Byron Allen’s $10 billion racial discrimination lawsuit against Charter Communications allowed to proceed
Allen's suit accusing the cable company of violating the Civil Rights Act of 1866 will move forward
Byron Allen‘s $10 billion racial discrimination lawsuit filed against Charter Communications will proceed after a district court judge ruled in his favor in a motion to dismiss.
Allen’s Entertainment Studios Networks, Inc., which is the parent company of theGrio, announced on Friday that Federal District Court Judge George H. Wu once again denied Charter Communications’ motion to dismiss the suit in which Allen accused the cable company of violating the Civil Rights Act of 1866.
Judge Wu had previously ruled in Allen’s favor back in October 2016, which Charter later appealed. However, the United States Court of Appeals for the Ninth Circuit upheld Wu’s ruling November 2018.
Charter Communications was denied an attempt to use its First Amendment right, and the legal precedent of the 1995 U.S. Supreme Court decision in the Hurley case (Hurley v. Irish American Gay, Lesbian, and Bisexual Group of Boston) as a cable provider to escape a claim that it refused a carriage deal with an African American-owned media company due to racial bias.
The Ninth Circuit ruled that racial discrimination can be proven using a lower “contributing factor” standard, and not the highest “but for” standard. After more than five years, Allen may now proceed against Charter with pre-trial initial disclosures and commence discovery.
“Charter once again tried to claim in a court of law that the First Amendment gives them the right to discriminate against Black people. This is a despicable, racist legal position, and I’m highly-confident Charter CEO Tom Rutledge and the Charter Board of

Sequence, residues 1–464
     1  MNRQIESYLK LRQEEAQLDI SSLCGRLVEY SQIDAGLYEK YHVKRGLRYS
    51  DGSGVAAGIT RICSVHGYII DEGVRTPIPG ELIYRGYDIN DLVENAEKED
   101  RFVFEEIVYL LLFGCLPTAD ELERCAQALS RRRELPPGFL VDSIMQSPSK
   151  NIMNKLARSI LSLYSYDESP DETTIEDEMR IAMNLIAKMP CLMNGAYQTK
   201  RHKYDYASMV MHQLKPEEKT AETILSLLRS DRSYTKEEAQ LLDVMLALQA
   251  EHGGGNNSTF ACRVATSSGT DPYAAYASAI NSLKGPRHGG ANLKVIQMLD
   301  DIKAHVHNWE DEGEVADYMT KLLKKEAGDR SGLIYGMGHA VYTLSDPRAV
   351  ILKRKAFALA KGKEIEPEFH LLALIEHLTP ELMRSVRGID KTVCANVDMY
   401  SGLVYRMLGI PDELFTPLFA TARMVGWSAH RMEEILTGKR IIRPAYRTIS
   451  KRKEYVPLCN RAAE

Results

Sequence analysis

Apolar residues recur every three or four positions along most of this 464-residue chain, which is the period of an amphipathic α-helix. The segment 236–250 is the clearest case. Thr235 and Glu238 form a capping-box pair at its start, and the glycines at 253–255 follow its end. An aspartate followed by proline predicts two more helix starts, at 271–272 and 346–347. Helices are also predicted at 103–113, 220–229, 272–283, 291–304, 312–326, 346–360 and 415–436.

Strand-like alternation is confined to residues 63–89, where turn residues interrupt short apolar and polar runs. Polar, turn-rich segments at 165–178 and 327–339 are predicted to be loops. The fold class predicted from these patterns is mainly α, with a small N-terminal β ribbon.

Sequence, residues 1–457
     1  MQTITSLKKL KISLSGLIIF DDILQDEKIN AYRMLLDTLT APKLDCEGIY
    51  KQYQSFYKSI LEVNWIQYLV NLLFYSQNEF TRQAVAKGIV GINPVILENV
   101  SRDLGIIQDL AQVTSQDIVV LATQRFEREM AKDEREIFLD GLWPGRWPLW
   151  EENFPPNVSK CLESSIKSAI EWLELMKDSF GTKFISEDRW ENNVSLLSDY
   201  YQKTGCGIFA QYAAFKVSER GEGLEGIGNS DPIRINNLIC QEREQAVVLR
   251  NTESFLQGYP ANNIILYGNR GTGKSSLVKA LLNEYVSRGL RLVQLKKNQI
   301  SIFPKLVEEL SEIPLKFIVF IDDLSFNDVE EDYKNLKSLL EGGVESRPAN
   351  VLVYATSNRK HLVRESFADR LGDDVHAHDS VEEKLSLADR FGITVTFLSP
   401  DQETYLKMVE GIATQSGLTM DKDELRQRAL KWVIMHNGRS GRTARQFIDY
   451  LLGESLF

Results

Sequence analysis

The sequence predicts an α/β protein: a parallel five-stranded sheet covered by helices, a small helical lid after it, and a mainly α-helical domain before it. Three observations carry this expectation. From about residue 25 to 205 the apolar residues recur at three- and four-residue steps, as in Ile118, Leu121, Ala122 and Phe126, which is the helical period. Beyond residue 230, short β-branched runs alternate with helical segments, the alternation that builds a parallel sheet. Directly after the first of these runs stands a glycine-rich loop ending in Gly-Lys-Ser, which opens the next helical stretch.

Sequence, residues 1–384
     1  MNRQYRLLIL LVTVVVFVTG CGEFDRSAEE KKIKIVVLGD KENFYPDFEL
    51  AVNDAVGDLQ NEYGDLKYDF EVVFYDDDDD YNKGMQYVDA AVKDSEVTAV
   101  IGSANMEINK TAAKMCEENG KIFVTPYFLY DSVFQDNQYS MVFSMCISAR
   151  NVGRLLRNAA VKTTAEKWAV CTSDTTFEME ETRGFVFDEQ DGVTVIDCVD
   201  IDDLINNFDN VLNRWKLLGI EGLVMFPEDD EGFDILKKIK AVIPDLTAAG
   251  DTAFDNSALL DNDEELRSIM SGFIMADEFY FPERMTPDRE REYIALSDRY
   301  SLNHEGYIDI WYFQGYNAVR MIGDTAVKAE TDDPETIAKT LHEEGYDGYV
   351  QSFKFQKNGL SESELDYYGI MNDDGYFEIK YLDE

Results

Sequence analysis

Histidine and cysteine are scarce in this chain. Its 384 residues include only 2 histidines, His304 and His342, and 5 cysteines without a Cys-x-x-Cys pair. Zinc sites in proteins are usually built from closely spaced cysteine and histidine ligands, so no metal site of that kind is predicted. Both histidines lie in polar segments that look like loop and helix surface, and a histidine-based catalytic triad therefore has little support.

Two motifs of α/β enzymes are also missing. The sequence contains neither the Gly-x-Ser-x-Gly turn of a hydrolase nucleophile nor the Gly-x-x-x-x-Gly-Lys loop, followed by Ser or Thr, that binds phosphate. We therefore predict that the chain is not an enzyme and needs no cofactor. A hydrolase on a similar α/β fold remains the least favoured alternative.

Directors will be held fully accountable,” said Byron Allen, founder, chairman and CEO of Entertainment Studios/Allen Media Group.
“Charter has now been told by Judge Wu twice, and the Ninth Circuit, that the First Amendment does not give anyone the right to discriminate against 100 million minorities in this country.”
Allen’s statement continues as follows:
In the Hurley case, parade organizers in Boston did not want gay people in their parade, and the parade organizers prevailed by using the First Amendment to discriminate against gay people, and unfortunately, this miscarriage of justice was upheld by the U.S. Supreme Court in 1995.
Charter sent their high-powered lawyer, Patrick Philbin, who defended Donald Trump in his impeachment hearings, into the courtroom to represent them. Charter and their lawyers should have denounced that horrible Hurley decision, but instead relied on this legal precedent of discrimination against gay people and tried to use this legal precedent in a civil rights case against Black people. This tells us everything we need to know about Charter under CEO Tom Rutledge.
Charter’s legal defense is the epitome of systemic racism. Charter will continue to lose this case, and I am going to make an example of them for all of America to see, because structural racism will not be tolerated. Systemic racism kills us in the schoolroom, kills us in the boardroom, and kills us in the courtroom, long before it kills us in the streets.
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